Firestorm Windows Builds

This page describes all necessary steps to build the Firestorm viewer for Windows, using the updated build infrastructure introduced with Linden Lab's project Alex Ivy.

NOTE: This description is NOT valid for building versions of the viewer prior to the Alex Ivy merge (revision 54609)!
Please note that we do not give support for compiling the viewer on your own. However, there is a self-compilers group in Second Life that can be joined to ask questions related to compiling the viewer: Firestorm Self Compilers

This is needed for compiling any viewer based on the Linden Lab open source code and only needs to be done once.

All installations are done with default settings (unless told explicitly) - if you change that, you're on your own!

Windows

  • Install Windows 10 Pro 64bit using your own product key
  • Alternatively: Install Windows 7 or 8.1 Pro 64bit

Microsoft Visual Studio 2013 Professional

  • Install Visual Studio 2013 Professional
  • Note: If you don't own a copy of Visual Studio 2013 Professional, you might consider installing the Community version (requires creating a Microsoft account if you do not already have one ) (If the download link for 2013 on visualstudio.com leads to a dead page even after logging in and out and back in again, try Googling “Visual Studio 2013 Community update 5 download” for a direct link. MS has recently changed things with accounts and the free subscriptions.)
    • Run the installer as Administrator (right click, “Run as administrator”)
    • Uncheck all the “Optional features to install:” - they are not required

DirectX SDK

  • Download and install DirectX SDK (June 2010)
    • Run the installer as Administrator (right click, “Run as administrator”)
    • At the Installation Options screen, set everything except the DirectX Headers and Libs to “This feature will not be installed”

Tortoise Hg

  • Download and install TortoiseHg 3.2.3 or newer (64bit)
    • Note: No option available to install as Administrator
    • Use default options (path, components etc.)
    • Add the following directory to your path:
      C:\Program Files\TortoiseHG

CMake

  • Download and install at least CMake 3.4.3 (32bit is only option)
    • Run the installer as Administrator (right click, “Run as administrator”)
    • At the “Install options” screen, select “Add CMake to the system PATH for all users”
    • For everything else, use the default options (path, etc.)
    • Make sure that the following directory was added to your path:
      C:\Program Files (x86)\CMake\bin

Cygwin

  • Download and install Cygwin 64 (64bit)
    • Run the installer as Administrator (right click, “Run as administrator”)
    • Use default options (path, components etc.) *until* you get to the “Select Packages” screen
    • Add additional packages:
      • Devel/patch
    • Use default options for everything else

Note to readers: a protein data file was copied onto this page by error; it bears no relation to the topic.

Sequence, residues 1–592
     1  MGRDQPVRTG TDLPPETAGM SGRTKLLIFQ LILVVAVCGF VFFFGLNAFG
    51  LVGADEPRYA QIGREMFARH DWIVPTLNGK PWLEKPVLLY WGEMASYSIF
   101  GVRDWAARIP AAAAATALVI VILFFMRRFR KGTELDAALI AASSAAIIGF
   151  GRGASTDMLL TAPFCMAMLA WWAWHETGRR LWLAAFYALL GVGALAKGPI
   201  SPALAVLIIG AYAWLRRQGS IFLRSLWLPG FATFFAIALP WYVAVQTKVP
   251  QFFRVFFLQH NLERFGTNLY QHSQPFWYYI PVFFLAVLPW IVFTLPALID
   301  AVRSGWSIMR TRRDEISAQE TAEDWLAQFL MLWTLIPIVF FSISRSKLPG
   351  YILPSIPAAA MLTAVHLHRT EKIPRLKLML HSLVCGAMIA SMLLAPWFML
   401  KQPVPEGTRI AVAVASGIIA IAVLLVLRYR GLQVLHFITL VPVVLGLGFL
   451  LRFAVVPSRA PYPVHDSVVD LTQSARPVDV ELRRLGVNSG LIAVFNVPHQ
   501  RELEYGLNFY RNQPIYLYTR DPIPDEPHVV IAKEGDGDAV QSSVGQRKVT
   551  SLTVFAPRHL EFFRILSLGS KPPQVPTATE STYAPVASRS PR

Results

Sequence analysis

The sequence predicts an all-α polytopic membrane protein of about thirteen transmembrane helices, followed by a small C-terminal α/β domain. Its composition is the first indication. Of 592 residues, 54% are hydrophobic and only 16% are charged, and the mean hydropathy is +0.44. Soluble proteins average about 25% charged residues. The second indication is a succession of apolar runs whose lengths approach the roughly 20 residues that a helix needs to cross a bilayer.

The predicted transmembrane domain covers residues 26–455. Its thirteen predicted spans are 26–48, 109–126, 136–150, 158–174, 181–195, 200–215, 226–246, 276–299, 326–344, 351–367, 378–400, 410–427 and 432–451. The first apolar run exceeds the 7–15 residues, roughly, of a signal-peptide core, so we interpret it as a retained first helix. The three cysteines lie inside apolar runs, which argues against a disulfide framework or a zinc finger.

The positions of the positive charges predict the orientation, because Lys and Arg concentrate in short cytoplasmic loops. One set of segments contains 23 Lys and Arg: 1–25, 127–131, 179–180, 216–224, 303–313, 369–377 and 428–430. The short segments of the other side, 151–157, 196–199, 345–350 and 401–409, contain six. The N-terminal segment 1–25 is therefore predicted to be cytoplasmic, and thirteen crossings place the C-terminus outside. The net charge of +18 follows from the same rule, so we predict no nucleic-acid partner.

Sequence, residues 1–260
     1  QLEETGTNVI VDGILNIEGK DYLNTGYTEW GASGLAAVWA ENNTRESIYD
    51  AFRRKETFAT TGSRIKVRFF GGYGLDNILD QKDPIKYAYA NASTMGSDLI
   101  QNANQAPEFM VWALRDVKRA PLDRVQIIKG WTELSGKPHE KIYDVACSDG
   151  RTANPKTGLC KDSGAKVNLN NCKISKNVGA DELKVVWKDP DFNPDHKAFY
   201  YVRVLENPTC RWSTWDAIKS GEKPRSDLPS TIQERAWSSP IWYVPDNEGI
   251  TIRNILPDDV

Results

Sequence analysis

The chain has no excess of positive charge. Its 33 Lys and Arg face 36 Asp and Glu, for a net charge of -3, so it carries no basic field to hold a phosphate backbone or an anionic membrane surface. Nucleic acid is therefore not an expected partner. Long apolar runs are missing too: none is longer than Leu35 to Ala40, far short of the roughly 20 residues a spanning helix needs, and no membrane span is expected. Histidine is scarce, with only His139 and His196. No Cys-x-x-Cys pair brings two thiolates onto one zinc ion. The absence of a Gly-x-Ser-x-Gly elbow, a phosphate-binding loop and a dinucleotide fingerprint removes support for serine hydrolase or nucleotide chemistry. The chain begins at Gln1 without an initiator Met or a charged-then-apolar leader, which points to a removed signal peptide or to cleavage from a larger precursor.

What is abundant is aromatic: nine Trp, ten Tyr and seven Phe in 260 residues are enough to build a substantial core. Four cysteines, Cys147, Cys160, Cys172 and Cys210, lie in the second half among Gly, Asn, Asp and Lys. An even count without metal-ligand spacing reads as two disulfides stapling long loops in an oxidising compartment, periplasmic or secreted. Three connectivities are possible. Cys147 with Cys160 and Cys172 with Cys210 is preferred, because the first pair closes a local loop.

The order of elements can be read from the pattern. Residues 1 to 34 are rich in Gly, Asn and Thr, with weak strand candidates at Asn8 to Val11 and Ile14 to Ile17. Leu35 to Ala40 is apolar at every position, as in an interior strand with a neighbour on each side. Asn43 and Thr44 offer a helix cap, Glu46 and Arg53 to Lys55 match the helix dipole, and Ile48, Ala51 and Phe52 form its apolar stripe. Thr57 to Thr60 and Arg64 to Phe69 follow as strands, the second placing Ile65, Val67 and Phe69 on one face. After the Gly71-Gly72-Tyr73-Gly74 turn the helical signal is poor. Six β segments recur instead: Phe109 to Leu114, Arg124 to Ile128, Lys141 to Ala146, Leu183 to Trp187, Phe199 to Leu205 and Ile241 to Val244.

• Make sure that the following directory was added to your path.:
      C:\Cygwin64\bin

Python

  • Download and install the most recent version of Python 2.7 (32bit)
    • Linden Lab advises to use the 32bit version as the VMP requires it. However, Firestorm currently doesn't use VMP, so the 64bit version might work (use at own risk!)
    • Note: No option available to install as Administrator
    • Use default options (path, components etc.) until you get to the “Customize Python” screen
    • Change “Add python.exe to Path” to “Will be installed on local hard drive”
    • Add the Python installation dir to the system path:
      C:\Python27

Intermediate check

Confirm things are installed properly so far by opening a Cygwin terminal and enter:

cmake --version
hg --version
python --version

If they all report sensible values and not “Command not found” errors, then you are in good shape.

The Cygwin terminal is only needed for testing. All commands for actually building the viewer will be run from the Windows command shell.

Set up Autobuild and Python

  • Install Boostrip pip
    • Download (Save As) get-pip.py and copy to a temp folder
    • Open Windows Command Prompt
    • Switch to that temp folder and execute it:
      python get-pip.py
    • Pip will be installed
    • Add the following directory to your path:
      C:\Python27\Scripts
  • Install Autobuild
    • Open Windows Command Prompt and enter:
      pip install hg+https://bitbucket.org/lindenlab/autobuild-1.1#egg=autobuild
    • Autobuild will be installed. Earlier versions of Autobuild could be made to work by just putting the source files into your path correctly; this is no longer true - Autobuild must be installed as described here.
  • Set environment variable AUTOBUILD_VSVER to 120
  • Check Autobuild version to be 1.1.7 or higher:
    autobuild --version

NSIS (Unicode)

  • You must install the Unicode version here and not the one from the NSIS page
  • Not required unless you need to build an actual viewer installer for distribution, or change the NSIS installer package logic itself

In order to make it easier to build collections of related packages (such as the viewer and all the library packages that it imports) with the same compilation options, Autobuild expects a file of variable definitions. This can be set using the environmenat variable AUTOBUILD_VARIABLES_FILE.